Celsius Networks CEO ran Trading Desk for months, report reveals

Celsius Network CEO Alex Mashinsky took over the crypto lender’s trading strategy operations in January, months before the platform filed for bankruptcy, the Financial Times reported.

The decision reportedly came before a meeting of the US central bank, where it was to lay out a tapering plan against the backdrop of inflation concerns. The report emphasizes that Mashinsky was convinced that a hawkish outcome would cause crypto prices to crash.

The CEO allegedly overlooked trades directly

Several people familiar with the situation told the FT that Mashinsky personally directed individual trades and overruled managers with decades of financial experience in the days leading up to the Fed meeting.

The report also recounts an incident in which the Celsius boss ordered the sale of hundreds of millions of dollars worth of bitcoin without double-checking, only to buy back the holdings at a loss a day later.

“He ordered the traders to massively switch the book from bad information,” noted a person familiar with the matter. “He was slinging around huge chunks of bitcoin.”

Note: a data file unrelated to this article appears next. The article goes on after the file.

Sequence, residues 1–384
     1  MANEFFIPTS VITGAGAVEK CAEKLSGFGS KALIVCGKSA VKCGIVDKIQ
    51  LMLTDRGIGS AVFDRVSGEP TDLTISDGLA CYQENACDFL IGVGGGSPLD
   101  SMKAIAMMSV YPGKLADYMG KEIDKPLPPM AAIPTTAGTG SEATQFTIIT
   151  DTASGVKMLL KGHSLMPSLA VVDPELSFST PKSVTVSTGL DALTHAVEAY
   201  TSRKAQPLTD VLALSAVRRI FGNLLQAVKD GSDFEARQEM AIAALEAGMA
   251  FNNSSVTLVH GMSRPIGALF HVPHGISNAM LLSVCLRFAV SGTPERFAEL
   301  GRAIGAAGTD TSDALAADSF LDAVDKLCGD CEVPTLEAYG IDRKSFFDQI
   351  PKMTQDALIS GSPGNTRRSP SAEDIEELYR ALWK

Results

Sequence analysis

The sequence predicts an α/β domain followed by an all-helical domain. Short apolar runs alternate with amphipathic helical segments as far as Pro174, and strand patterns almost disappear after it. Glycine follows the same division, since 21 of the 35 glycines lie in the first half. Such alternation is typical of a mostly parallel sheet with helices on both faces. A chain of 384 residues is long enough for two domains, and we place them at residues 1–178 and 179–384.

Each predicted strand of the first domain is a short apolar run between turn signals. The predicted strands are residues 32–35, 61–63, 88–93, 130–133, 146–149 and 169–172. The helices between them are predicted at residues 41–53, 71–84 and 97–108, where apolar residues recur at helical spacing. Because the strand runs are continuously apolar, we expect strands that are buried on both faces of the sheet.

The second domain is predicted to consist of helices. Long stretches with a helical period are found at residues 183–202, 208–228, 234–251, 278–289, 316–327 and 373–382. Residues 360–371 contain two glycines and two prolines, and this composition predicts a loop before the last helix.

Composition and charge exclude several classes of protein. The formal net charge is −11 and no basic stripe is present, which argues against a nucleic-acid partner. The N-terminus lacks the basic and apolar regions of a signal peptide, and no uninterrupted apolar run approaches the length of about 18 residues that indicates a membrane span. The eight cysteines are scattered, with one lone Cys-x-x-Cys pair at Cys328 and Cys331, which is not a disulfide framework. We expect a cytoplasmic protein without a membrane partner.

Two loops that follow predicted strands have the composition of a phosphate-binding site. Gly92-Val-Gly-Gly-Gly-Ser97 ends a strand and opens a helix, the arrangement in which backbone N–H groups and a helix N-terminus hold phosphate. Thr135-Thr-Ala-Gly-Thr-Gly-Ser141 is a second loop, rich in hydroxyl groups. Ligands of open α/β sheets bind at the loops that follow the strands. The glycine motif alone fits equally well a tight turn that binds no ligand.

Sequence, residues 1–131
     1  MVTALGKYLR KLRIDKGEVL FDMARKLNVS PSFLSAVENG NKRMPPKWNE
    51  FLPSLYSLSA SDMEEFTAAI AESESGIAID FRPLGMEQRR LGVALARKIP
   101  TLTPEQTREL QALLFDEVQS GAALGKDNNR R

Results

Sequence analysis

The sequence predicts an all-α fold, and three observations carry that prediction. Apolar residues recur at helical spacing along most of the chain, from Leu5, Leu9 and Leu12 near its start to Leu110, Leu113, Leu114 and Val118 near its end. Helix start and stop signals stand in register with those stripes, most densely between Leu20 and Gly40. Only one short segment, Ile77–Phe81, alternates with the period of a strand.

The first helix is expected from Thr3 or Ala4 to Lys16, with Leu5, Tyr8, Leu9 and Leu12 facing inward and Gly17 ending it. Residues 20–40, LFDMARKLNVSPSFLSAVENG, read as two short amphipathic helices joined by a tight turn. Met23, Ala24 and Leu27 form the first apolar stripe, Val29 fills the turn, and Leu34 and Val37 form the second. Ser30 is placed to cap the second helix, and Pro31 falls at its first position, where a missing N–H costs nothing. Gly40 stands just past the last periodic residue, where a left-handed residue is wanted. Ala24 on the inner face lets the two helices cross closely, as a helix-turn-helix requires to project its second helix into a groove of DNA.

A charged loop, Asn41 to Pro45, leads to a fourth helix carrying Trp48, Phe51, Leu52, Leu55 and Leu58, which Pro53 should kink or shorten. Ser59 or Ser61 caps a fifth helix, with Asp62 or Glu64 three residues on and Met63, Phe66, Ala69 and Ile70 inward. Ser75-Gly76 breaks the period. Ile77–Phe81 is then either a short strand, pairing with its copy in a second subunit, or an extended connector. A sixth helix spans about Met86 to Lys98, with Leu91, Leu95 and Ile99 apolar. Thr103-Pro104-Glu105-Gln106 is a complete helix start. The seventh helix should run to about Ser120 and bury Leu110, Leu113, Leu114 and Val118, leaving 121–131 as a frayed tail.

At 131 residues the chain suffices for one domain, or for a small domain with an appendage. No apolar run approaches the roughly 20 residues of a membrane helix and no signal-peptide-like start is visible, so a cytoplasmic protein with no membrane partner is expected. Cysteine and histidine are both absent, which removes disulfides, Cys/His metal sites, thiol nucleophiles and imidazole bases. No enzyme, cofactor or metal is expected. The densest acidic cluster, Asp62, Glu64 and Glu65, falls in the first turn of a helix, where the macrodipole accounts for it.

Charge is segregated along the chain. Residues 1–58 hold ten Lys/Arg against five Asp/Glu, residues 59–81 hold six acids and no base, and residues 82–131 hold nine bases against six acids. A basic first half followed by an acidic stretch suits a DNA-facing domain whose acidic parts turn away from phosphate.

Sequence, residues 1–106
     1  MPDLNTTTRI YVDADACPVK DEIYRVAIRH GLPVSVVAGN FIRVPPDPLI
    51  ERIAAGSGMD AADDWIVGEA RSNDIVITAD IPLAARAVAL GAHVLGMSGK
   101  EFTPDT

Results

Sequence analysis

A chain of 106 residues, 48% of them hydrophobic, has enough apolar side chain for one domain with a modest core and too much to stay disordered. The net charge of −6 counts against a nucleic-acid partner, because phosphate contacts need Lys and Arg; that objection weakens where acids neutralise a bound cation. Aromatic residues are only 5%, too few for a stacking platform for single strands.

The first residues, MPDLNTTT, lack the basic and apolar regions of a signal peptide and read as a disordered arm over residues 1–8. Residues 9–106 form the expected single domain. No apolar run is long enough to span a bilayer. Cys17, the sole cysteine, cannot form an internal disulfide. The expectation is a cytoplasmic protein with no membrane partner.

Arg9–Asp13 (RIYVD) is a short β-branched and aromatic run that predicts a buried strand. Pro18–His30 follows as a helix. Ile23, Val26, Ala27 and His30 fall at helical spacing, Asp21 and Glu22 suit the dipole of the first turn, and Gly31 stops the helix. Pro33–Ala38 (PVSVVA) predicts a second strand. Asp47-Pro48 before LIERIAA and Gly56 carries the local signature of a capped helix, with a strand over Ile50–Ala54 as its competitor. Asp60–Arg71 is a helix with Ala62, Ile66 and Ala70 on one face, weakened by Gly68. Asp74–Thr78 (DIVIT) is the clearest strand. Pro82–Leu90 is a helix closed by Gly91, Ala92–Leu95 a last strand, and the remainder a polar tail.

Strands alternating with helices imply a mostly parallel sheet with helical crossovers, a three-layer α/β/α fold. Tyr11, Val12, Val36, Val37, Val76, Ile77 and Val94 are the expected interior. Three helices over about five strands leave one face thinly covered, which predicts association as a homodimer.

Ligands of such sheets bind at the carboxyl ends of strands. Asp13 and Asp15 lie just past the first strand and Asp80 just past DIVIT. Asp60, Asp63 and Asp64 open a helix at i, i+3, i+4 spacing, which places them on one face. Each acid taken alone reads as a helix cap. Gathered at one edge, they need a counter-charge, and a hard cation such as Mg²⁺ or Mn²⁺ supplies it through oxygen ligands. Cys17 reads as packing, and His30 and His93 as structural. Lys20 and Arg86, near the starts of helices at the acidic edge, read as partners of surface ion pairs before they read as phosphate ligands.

Another source with knowledge of the situation stated that while Mashinsky may have expressed his opinions based on his understanding of the cryptocurrency markets, they emphasized that “he did not run the trading desk”.

Celsius will run out of money by October

Celsius Network announced on July 14 that it had officially filed for Chapter 11 bankruptcy. The announcement came after months of struggling to keep the company afloat after the 2022 market crash.

According to court documents filed Sunday, Celsius’ liquidity can only support it until October 2022. The operating costs and capital expenditures will turn cash flow into a negative $34 million, the filing shows. It also reveals that it would lose $137 million between August and October, primarily due to mining.

According to balance sheet data previously published in the bankruptcy proceedings cited by the FT, Celsius’ debts exceeded its assets in March this year, excluding holdings of its own digital coin CEL. According to two people with knowledge of the situation, this has been the case since 2021.

That said, a former employee of the troubled crypto lender, who had launched a lawsuit in July, had accused the company of market manipulation and risk management failures. In the complaint, Jason Stone, the founder of KeyFi, had also said that “the company’s entire portfolio had bare exposure to the market,” without adequate collateral.

“He had a high conviction about how badly the market could move south. He wanted us to start cutting risk like Celsius could,” another person noted, as disagreement built on the approach.

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